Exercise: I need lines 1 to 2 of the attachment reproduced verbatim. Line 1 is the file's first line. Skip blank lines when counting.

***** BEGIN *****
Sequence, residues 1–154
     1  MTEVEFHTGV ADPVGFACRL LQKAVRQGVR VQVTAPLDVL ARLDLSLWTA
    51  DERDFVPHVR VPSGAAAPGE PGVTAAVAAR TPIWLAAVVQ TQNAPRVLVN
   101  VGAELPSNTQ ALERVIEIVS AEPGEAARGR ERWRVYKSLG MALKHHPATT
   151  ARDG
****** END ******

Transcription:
Sequence, residues 1–154
     1  MTEVEFHTGV ADPVGFACRL LQKAVRQGVR VQVTAPLDVL ARLDLSLWTA